The filesystem API exported by libsvn_fs contains the kinds of functionality you would expect from any other filesystem API—you can create and remove files and directories, copy and move them around, modify file contents, and so on. It also has features that are not quite as common, such as the ability to add, modify, and remove metadata (properties) on each file or directory. Furthermore, the Subversion filesystem is a versioning filesystem, which means that as you make changes to your directory tree, Subversion remembers what your tree looked like before those changes. And before the previous changes. And the previous ones. And so on, all the way back through versioning time to (and just beyond) the moment you first started adding things to the filesystem.

All the modifications you make to your tree are done within the context of a Subversion commit transaction. The following is a simplified general routine for modifying your filesystem:

  1. Begin a Subversion commit transaction.

  2. Make your changes (adds, deletes, property modifications, etc.).

  3. Commit your transaction.

Once you have committed your transaction, your filesystem modifications are permanently stored as historical artifacts. Each of these cycles generates a single new revision of your tree, and each revision is forever accessible as an immutable snapshot of the way things were.

Most of the functionality the filesystem interface provides deals with actions that occur on individual filesystem paths. That is, from outside the filesystem, the primary mechanism for describing and accessing the individual revisions of files and directories comes through the use of path strings such as /foo/bar, just as though you were addressing files and directories through your favorite shell program. You add new files and directories by passing their paths-to-be to the right API functions. You query for information about them by the same mechanism.

Unlike most filesystems, though, a path alone is not enough information to identify a file or directory in Subversion. Think of a directory tree as a two-dimensional system, where a node's siblings represent a sort of left-and-right motion, and navigating into the node's subdirectories represents a downward motion. Figure 8.1, “Files and directories in two dimensions” shows a typical representation of a tree as exactly that.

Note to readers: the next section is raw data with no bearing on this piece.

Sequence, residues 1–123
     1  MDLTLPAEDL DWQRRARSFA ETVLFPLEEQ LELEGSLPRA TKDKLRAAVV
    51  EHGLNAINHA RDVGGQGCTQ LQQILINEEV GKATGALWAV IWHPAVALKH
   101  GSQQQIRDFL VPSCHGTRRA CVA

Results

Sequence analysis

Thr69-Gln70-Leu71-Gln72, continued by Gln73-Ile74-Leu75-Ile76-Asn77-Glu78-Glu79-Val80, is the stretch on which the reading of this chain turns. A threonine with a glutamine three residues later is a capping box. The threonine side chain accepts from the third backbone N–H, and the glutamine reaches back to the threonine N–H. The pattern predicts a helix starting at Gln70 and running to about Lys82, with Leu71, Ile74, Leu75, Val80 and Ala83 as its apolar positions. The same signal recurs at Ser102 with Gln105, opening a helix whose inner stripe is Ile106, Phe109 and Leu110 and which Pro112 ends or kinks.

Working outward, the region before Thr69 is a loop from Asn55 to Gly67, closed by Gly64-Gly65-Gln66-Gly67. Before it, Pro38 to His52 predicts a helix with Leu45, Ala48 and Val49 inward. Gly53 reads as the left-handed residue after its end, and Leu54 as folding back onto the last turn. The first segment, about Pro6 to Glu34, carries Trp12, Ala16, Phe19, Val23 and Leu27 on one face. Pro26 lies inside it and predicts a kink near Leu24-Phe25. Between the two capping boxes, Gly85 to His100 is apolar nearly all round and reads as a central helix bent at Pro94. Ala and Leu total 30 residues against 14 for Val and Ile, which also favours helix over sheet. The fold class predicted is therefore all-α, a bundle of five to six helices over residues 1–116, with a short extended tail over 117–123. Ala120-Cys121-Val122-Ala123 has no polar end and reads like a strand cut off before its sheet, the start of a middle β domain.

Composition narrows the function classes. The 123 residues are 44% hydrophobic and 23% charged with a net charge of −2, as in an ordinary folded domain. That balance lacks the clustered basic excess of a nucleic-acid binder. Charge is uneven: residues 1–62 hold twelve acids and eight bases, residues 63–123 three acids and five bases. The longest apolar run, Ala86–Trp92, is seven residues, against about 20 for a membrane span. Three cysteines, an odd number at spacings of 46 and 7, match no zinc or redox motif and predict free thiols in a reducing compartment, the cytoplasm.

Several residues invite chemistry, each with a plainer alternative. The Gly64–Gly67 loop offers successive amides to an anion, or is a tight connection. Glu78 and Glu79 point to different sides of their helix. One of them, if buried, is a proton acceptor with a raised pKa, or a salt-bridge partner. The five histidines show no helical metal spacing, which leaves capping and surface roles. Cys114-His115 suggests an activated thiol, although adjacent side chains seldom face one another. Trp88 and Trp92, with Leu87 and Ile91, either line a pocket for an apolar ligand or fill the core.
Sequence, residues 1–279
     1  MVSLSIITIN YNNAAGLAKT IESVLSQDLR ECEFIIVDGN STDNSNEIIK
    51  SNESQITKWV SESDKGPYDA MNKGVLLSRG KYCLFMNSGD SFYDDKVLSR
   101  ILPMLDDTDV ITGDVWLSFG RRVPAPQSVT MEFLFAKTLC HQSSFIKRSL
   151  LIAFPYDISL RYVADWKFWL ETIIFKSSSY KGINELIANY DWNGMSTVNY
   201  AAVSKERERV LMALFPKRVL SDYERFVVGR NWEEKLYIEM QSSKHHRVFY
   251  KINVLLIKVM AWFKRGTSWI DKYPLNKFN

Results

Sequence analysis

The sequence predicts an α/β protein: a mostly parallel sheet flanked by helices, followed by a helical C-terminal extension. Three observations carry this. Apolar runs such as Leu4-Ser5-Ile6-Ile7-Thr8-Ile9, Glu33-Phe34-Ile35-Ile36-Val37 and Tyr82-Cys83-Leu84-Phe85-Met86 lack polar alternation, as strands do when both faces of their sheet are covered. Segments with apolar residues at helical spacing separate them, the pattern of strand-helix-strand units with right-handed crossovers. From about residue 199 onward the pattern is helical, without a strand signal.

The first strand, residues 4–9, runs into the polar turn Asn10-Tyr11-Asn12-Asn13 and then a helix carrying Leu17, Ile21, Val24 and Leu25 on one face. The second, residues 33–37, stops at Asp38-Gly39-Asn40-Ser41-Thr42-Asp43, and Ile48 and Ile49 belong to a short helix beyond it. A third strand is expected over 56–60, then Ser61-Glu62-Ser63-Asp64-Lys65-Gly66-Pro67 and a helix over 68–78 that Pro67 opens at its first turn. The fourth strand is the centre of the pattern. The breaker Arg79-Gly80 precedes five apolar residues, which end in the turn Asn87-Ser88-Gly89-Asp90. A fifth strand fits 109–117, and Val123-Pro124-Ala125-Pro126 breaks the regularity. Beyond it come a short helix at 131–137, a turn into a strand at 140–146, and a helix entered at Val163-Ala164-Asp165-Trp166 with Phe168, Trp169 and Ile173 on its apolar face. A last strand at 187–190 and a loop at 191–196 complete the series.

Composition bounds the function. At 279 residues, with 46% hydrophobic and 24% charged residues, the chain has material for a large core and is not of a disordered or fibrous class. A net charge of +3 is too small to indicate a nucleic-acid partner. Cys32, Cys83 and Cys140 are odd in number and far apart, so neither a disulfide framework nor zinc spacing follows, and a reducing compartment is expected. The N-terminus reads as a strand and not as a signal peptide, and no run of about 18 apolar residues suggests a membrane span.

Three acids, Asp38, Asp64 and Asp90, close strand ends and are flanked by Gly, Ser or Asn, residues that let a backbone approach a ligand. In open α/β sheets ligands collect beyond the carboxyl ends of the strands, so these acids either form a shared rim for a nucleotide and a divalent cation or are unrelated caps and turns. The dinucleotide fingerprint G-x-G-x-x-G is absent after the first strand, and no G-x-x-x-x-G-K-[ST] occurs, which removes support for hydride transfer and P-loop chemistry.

Figure 8.1. Files and directories in two dimensions

Files and directories in two dimensions

The difference here is that the Subversion filesystem has a nifty third dimension that most filesystems do not have—Time![64] In the filesystem interface, nearly every function that has a path argument also expects a root argument. This svn_fs_root_t argument describes either a revision or a Subversion transaction (which is simply a revision in the making) and provides that third dimension of context needed to understand the difference between /foo/bar in revision 32, and the same path as it exists in revision 98. Figure 8.2, “Versioning time—the third dimension!” shows revision history as an added dimension to the Subversion filesystem universe.

Figure 8.2. Versioning time—the third dimension!

Versioning time—the third dimension!

As we mentioned earlier, the libsvn_fs API looks and feels like any other filesystem, except that it has this wonderful versioning capability. It was designed to be usable by any program interested in a versioning filesystem. Not coincidentally, Subversion itself is interested in that functionality. But while the filesystem API should be sufficient for basic file and directory versioning support, Subversion wants more—and that is where libsvn_repos comes in.

The Subversion repository library (libsvn_repos) sits (logically speaking) atop the libsvn_fs API, providing additional functionality beyond that of the underlying versioned filesystem logic. It does not completely wrap each and every filesystem function—only certain major steps in the general cycle of filesystem activity are wrapped by the repository interface. Some of these include the creation and commit of Subversion transactions and the modification of revision properties. These particular events are wrapped by the repository layer because they have hooks associated with them. A repository hook system is not strictly related to implementing a versioning filesystem, so it lives in the repository wrapper library.

The hooks mechanism is but one of the reasons for the abstraction of a separate repository library from the rest of the filesystem code. The libsvn_repos API provides several other important utilities to Subversion. These include the abilities to:

  • Create, open, destroy, and perform recovery steps on a Subversion repository and the filesystem included in that repository.

  • Describe the differences between two filesystem trees.

  • Query for the commit log messages associated with all (or some) of the revisions in which a set of files was modified in the filesystem.

  • Generate a human-readable dump of the filesystem—a complete representation of the revisions in the filesystem.

  • Parse that dump format, loading the dumped revisions into a different Subversion repository.

As Subversion continues to evolve, the repository library will grow with the filesystem library to offer increased functionality and configurable option support.